Mothers and leaders are delivering a petition with more than 17,000 signatures to Mead Johnson at its headquarters outside of Chicago. The petition will also be presented to Abbott and Nestle. Thousands of others are taking action remotely, sending photos and messages to companies on Facebook, Twitter and other online platforms. A diverse group of consumer rights, public health, women’s health, corporate accountability and breastfeeding advocacy organizations are co-sponsoring the effort. The day of action is not meant to advocate against formula use if necessary but to focus on the need to give mothers information that hasn’t been influenced by formula companies.

Most health care professionals and the American Academy of Pediatrics recommend that mothers exclusively breastfeed for six months. A large body of research shows that antibodies passed from a nursing mother to her baby can help lower the occurrence of many conditions among infants including ear and respiratory infections, diarrhea, meningitis and higher risks of allergies, sudden infant death syndrome and other health risks. Mothers also benefit, with a reduced risk of type 2 diabetes, breast cancer, obesity, ovarian cancer, post-partum depression and bladder infections.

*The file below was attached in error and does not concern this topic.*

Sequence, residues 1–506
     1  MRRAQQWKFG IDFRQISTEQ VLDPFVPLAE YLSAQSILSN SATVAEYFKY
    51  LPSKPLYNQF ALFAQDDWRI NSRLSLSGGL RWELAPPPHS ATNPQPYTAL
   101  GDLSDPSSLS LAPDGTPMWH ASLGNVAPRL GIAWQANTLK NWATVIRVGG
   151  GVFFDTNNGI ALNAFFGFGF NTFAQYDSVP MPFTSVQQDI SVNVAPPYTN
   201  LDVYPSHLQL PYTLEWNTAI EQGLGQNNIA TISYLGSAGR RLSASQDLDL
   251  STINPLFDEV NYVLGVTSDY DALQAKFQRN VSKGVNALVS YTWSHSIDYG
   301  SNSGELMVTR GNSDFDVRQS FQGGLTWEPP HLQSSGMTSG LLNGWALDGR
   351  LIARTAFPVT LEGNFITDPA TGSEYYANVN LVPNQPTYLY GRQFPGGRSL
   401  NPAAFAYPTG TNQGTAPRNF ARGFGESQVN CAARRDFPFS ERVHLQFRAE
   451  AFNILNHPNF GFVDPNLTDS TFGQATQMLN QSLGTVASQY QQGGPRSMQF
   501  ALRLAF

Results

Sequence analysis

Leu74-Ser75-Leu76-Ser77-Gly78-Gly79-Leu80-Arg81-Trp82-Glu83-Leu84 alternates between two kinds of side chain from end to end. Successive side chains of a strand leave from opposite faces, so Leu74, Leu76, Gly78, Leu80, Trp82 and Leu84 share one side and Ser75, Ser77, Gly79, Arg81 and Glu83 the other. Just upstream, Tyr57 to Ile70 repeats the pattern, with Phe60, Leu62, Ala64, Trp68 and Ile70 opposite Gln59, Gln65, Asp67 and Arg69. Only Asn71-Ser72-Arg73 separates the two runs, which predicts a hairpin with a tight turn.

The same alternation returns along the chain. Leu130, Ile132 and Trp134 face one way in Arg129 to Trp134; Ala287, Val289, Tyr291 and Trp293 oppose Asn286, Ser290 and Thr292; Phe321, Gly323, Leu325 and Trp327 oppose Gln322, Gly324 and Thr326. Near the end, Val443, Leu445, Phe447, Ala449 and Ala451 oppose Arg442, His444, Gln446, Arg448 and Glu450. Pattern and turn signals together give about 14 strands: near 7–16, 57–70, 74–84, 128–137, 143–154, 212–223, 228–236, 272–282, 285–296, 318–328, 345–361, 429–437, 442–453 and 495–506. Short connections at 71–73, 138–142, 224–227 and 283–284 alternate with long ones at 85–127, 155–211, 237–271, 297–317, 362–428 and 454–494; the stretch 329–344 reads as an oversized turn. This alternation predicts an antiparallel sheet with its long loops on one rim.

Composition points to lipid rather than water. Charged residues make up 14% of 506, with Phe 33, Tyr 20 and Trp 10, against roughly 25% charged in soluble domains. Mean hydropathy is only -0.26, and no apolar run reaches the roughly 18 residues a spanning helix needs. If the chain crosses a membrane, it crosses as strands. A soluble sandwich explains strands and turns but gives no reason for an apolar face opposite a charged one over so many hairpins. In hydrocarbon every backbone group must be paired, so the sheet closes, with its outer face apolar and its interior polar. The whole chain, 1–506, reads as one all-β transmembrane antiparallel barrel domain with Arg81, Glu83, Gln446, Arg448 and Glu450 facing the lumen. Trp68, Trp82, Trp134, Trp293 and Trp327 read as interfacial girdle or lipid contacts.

Public health experts overwhelmingly discourage hospitals and doctor’s offices from distributing formula company-sponsored gift bags and formula samples – common marketing tactics – but formula companies still find ways to market formula in facilities nationwide. Studies show such formula sample distribution undermines women’s breastfeeding success because the practice is viewed as an endorsement of formula by health care providers. In 2011, then-U.S. Surgeon General Regina A. Benjamin called for more enforcement of the WHO Code through the Baby-Friendly Hospital Initiative, which requires designated hospitals to comply with the code.

Nearly half of the world’s countries have adopted legislation to implement the Code, but in the U.S. — as a result of formula industry lobbying and political influence— legislation currently remains out of reach.

But advocacy efforts have led many hospitals to end formula promotion over the past decade. According to the Centers for Disease Control and Prevention (CDC) Maternity Practices in Infant Nutrition and Care (mPINC) surveys, 27.4 percent of hospitals had discontinued the formula discharge bags for breastfeeding mothers in 2007, and by 2011, 45.5 percent had ended the practice. All hospitals in Massachusetts and Rhode Island have voluntarily banned discharge bags, and a recent Public Citizen and Ban the Bags report found that 82 percent of the U.S. News and World Report’s top-ranked hospitals, and more than two-thirds of the highest ranked hospitals in gynecology, no longer hand out commercial formula discharge bags with samples. However, formula companies have increasingly managed to push formula samples in doctor’s offices and clinics, often without the knowledge of health care providers within those offices.